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If 7 accidents (all are indistinguishable i.e we care only about whether accident happen or not, not the details of it) happen in a week. What is the probability of exactly two accidents on at least one day of a week.

My solution is given below

$$ \frac{1}{13 \choose 6} \Bigg[{7 \choose 1}{10 \choose 5} - {7 \choose 2} {7 \choose 4} + {7\choose 3} 4 \Bigg] = 0.681 $$

I used the equation that number of ways $r$ balls can be arranged in $n $ cells in ${n+r-1 \choose n-1}$ distinguishable ways.

Is it correct ?

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  • $\begingroup$ I cant follow your reasoning. Can you explain why this formula should be correct? $\endgroup$
    – Nurator
    Mar 19 '20 at 11:52
  • $\begingroup$ @Nurator included the information. $\endgroup$
    – Shew
    Mar 19 '20 at 12:10
  • $\begingroup$ In order to have an unambiguous way of answering, we need to know how the accidents themselves are distributed. In a similar "balls-in-bins" problem, we might say "take a ball, throw it at the bins so that it randomly lands in one of the bins uniformly at random. Then take another ball and throw it in as well, so that where that ball lands is uniformly distributed and independent to the previous." As alluded to below, it is very uncommon for the $\binom{13}{6}$ outcomes to be equally likely in practice, making this an uncommon assumption. $\endgroup$
    – JMoravitz
    Mar 19 '20 at 12:16
  • $\begingroup$ @JMoravitz, yes in practice uniform at random assumption might not hold. But in my case, I assume it. Thanks $\endgroup$
    – Shew
    Mar 19 '20 at 12:19
  • $\begingroup$ I think the word "probability" should have some unusual meaning, so that your solution was correct. $\endgroup$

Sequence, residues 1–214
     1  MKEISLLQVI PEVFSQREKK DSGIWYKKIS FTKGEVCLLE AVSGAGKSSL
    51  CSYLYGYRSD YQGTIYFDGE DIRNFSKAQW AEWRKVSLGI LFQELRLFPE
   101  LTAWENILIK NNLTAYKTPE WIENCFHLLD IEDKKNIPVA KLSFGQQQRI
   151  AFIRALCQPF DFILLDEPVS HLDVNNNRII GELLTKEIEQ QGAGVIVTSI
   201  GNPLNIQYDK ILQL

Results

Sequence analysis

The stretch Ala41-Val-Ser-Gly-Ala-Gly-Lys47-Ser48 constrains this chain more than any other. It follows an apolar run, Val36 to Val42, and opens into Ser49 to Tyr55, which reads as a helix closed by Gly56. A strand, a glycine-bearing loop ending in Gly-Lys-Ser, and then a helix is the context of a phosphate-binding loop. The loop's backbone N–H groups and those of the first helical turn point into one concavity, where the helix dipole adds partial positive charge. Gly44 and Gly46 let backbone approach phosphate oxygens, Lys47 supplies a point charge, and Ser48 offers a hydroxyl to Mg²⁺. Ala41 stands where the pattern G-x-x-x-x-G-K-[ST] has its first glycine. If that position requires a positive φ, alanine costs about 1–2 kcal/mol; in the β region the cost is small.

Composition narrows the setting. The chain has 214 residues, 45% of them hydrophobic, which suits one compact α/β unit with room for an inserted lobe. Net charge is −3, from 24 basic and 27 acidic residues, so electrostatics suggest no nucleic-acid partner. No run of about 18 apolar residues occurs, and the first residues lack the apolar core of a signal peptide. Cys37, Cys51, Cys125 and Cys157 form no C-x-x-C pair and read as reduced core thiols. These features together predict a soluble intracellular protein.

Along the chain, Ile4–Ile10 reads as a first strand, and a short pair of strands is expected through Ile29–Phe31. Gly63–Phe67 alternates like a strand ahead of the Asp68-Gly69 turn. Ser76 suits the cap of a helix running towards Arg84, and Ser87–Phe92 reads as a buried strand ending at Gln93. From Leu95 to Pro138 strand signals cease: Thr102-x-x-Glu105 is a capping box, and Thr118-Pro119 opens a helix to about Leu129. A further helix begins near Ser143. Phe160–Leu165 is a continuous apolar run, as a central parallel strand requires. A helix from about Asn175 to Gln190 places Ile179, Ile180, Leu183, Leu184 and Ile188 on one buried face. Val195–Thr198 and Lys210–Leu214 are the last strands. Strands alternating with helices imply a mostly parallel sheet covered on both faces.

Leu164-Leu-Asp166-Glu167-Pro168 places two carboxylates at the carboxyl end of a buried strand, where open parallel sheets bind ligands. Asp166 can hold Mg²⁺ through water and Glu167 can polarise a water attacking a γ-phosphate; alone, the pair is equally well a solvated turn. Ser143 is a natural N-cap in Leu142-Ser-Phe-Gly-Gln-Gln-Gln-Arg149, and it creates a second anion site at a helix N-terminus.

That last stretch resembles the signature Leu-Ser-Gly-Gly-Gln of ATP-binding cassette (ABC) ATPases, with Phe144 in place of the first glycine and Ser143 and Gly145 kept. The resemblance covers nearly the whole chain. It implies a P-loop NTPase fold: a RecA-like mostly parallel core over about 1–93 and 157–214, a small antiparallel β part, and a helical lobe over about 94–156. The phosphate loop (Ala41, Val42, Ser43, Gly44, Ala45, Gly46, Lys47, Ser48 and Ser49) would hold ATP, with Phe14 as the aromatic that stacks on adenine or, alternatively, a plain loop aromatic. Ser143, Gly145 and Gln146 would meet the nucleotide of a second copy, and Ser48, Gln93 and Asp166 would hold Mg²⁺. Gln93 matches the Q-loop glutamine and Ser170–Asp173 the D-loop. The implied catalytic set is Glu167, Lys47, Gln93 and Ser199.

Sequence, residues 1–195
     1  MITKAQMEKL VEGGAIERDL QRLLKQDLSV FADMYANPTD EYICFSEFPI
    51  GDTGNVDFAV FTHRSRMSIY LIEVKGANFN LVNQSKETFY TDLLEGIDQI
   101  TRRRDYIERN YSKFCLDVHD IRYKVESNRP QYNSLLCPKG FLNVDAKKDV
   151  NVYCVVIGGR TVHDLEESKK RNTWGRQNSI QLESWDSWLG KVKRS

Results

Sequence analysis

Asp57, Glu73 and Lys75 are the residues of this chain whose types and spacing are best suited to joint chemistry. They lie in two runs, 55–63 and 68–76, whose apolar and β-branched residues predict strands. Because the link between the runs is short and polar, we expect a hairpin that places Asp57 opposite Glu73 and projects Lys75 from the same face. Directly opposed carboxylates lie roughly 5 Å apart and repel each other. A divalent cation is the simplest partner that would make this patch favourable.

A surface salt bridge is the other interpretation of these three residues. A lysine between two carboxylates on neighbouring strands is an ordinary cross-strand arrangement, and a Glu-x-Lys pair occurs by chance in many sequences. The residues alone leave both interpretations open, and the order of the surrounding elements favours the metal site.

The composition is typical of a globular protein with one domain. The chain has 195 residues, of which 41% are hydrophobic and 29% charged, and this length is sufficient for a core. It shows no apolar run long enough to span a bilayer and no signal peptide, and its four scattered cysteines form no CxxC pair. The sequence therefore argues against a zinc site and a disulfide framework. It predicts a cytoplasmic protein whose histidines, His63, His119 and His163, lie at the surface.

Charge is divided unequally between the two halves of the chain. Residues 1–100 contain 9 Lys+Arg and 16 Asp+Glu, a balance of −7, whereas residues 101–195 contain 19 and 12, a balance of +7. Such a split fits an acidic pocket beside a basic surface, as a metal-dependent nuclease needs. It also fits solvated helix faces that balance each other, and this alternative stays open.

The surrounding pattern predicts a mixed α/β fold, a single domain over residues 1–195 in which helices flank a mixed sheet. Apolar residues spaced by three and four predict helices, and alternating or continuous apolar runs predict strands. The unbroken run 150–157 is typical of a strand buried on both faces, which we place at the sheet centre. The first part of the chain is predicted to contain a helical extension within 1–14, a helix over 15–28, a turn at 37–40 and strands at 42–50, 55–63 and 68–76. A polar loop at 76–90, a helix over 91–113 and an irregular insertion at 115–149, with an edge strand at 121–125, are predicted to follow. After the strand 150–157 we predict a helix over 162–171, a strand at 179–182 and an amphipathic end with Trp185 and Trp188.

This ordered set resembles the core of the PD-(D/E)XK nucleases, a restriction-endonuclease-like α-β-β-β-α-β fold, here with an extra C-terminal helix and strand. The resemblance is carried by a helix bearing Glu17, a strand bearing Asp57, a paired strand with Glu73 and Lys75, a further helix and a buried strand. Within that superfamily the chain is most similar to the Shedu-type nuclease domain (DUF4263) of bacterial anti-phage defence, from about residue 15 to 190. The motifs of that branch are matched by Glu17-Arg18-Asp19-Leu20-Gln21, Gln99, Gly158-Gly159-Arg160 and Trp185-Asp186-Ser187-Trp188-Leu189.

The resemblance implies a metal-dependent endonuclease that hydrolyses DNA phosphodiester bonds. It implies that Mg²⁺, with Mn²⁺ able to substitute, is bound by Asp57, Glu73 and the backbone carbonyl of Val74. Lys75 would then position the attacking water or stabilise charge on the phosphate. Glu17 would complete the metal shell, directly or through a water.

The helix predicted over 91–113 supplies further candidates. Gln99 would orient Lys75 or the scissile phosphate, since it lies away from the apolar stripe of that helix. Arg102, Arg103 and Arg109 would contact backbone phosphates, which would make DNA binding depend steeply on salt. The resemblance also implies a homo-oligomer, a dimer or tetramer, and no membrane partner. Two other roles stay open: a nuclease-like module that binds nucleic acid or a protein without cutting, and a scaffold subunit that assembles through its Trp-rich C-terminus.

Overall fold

– user
    Mar 19 '20 at 12:33
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The number of all possible distributions of accidents is (stars and bars method) $${13\choose 6}$$

The number of all possible distributions of accidents if 2 happend on monday is $${10\choose 5}$$

The number of all possible distributions of accidents if 2 happend on monday and 2 on thuesday is $${7\choose 4}$$

The number of all possible distributions of accidents if 2 happend on monday and 2 on tuesday and 2 on wednesday is $${4\choose 1}$$ So the naswer is, by PIE: $$P={{7\choose 1}{10\choose 5} -{7\choose 2} {7\choose 4}+{7\choose 3}{4\choose 1}\over {12\choose 6}}$$

So, your answer maches with my answer.

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  • $\begingroup$ why it is downvoted ? $\endgroup$
    – Shew
    Mar 19 '20 at 12:10
  • $\begingroup$ That makes the wild assumption that each of the possible outcomes where you treat days as distinct and accidents as indistinct are equally likely to have occurred. Do you really think it is equally likely that all seven accidents occur on monday as it is that one accident happens each of the days? $\endgroup$
    – JMoravitz
    Mar 19 '20 at 12:10
  • $\begingroup$ Despite the fact that we say the accidents are indistinguishable, under most sensible interpretations of this problem and problems like it, it makes the most sense to treat this behind the scenes as each of the accidents (or balls for a balls-in-bins problem) as being distinct so that we can work within an equiprobable sample space. The probability of occurrence isnt simply "total number of good outcomes divided by total number of outcomes." That only works if the outcomes are equally likely to have occurred, which the problem statement does not imply that the outcomes you use are. $\endgroup$
    – JMoravitz
    Mar 19 '20 at 12:13
  • $\begingroup$ @JMoravitz Will you provide a correct solution? $\endgroup$
    – Aqua
    Mar 19 '20 at 12:15
  • $\begingroup$ @Aqua linked a duplicate above. Note the usage of $7^7$ as the sample space size, rather than $\binom{13}{6}$ $\endgroup$
    – JMoravitz
    Mar 19 '20 at 12:18

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